Neurotransmitters in the Sympathetic Nervous System: Developmental Aspects
Authors: P.M. Masliukov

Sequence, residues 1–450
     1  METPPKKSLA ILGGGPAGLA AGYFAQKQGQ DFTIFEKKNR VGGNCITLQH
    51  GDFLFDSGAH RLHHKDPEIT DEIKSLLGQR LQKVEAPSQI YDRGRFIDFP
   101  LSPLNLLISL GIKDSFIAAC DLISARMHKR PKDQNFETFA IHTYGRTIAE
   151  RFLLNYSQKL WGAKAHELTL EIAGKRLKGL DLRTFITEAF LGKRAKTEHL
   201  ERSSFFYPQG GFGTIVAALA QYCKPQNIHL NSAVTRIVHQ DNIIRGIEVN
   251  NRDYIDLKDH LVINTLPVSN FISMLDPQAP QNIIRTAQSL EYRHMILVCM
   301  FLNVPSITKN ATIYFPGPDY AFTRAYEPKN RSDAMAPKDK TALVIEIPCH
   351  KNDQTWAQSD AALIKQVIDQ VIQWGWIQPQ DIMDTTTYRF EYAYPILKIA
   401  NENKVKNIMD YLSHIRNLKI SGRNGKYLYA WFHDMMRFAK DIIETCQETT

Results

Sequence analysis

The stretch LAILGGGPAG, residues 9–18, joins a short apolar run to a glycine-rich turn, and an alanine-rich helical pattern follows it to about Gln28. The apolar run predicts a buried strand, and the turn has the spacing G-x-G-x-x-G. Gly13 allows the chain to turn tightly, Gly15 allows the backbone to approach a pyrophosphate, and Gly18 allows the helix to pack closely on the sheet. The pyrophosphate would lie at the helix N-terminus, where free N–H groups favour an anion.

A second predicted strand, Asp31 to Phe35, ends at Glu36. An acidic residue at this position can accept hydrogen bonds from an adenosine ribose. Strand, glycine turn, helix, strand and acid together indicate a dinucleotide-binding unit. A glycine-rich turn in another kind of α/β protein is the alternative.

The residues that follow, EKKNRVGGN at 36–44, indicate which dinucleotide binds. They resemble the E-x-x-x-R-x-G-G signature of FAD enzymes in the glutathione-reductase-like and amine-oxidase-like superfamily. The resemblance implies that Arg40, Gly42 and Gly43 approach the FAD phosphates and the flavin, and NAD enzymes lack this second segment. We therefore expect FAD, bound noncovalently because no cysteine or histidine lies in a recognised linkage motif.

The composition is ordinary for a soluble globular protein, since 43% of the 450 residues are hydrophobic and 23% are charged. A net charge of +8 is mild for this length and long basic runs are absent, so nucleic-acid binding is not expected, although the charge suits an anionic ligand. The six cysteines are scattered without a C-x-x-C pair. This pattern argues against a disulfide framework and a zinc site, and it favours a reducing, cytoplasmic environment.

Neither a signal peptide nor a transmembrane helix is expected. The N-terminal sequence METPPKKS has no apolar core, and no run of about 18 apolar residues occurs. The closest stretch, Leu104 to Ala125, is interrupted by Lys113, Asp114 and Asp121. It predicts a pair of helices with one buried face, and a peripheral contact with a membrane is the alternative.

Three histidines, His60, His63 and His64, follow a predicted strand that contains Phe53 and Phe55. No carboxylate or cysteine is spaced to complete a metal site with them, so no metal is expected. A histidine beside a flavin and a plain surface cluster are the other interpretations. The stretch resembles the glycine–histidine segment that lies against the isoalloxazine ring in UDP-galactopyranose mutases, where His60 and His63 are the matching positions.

Abstract: Sympathetic ganglia consist of neurochemically and functionally distinct populations of neurons, characterized by a specific projection pattern and a set of neutransmitters including classical neutransmitters (catecholamines and acetylcholine), neuropeptides and small molecules such as NO, H2S, CO. The majority of the principal ganglionic sympathetic neurons is noradrenergic and expresses tyrosine hydroxylase (TH), i.e., a key enzyme in catecholamine synthesis. In mammals, two third of catecholaminergic neurons also co-localizes NPY. A small number of postganglionic sympathetic neurons contains enzyme of acetylcholine synthesis (ChAT) and some neuropeptides, such as somatostatin (SOM), vasoactive intestinal (poly)peptide (VIP), calcitonin gene-related peptide (CGRP). Acetylcholine-containing sympathetic neurons in most cases colocalize VIP and/or CGRP. Phenotype of autonomicneurons is regulated by both target-independent and target-dependent mechanisms. The most of transmitters are expressed during embryogenesis. TH appears during embryonic development and the percentage of TH-positive neurons remains virtually identical during ontogenesis. After birth, cholinergic neurons initially express catecholamine synthesising enzymes and exhibit a noradrenergicphenotype. Expression of different neuropeptides changes in pre- and postnatal development. Neurotransmitter expression in sympathetic neurons is influenced by soluble growth factor signaling via innervated target tissues. Multiple growth factors including bone morphogenetic proteins, neurotrophins, glialcellline-derived neurotrophic factor family ligands and neuropoietic cytokines play instructive role at different stages of neurotransmitter development.